This has become a major issue in Hong Kong and I was recently invited to Beijing to talk about the current status of plastic surgery in Hong Kong. The invitation came from Dr Wang who is the Head of the Division of Plastic Surgery at the Peking Union Medical College Hospital (PUMCH). The occasion was the opening ceremony of the Plastic and Aesthetic Surgery Division of the Cross-Straits Medicine Exchange Association and the China Plastic and Aesthetic Surgery Summit. PUMCH is a remarkable institution and provides an exceptional level of high quality care across the full spectrum of acute medicine. In addition, however, the plastic surgery division provides a medical aesthetic service, which also serves to give hands-on training in the non-surgical procedures to the plastic surgery residents. This is a model of service delivery, which is possible when hospitals are run as business ventures, albeit within the scope of a generally public service.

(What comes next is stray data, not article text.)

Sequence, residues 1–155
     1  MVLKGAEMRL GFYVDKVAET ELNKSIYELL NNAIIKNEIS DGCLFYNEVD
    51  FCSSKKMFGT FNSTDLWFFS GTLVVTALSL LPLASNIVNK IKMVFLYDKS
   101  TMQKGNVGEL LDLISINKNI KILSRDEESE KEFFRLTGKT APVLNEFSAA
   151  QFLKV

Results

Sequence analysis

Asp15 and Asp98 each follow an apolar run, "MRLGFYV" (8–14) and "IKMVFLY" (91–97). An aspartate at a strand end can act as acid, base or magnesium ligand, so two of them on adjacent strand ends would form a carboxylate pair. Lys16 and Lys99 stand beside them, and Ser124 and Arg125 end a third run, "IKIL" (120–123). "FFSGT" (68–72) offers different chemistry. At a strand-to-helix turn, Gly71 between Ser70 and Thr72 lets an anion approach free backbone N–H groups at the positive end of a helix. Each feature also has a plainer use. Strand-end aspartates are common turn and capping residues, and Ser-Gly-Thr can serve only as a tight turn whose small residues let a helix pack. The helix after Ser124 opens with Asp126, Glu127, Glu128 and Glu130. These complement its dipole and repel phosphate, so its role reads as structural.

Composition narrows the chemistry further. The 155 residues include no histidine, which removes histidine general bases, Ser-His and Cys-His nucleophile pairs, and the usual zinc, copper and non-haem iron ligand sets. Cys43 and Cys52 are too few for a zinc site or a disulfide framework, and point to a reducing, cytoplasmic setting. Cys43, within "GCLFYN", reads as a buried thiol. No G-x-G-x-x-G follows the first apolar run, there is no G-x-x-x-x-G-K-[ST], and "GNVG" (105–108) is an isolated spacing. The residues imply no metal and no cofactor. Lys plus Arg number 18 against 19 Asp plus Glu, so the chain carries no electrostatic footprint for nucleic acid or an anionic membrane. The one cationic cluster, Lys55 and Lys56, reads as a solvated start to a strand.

The situation in Hong Kong is quite different and the four year long training programme based in the public Hospital Authority (HA) system contains no such exposure to the non-surgical or even the surgical ‘cosmetic’ procedures. Also, for historical reasons plastic surgery in Hong Kong does not include hand surgery or lower limb trauma as, for example, in the British model of training. The result then is a rather idiosyncratic specialist who has to make some tough decisions about whether to remain as a plastic surgeon in the public sector or transform into a part-time plastic surgeon, part-time aesthetic medicine practitioner in the private sector. There are those who have made the transition very effectively and have diligently pursued the extra training necessary to provide an excellent service in aesthetic medicine.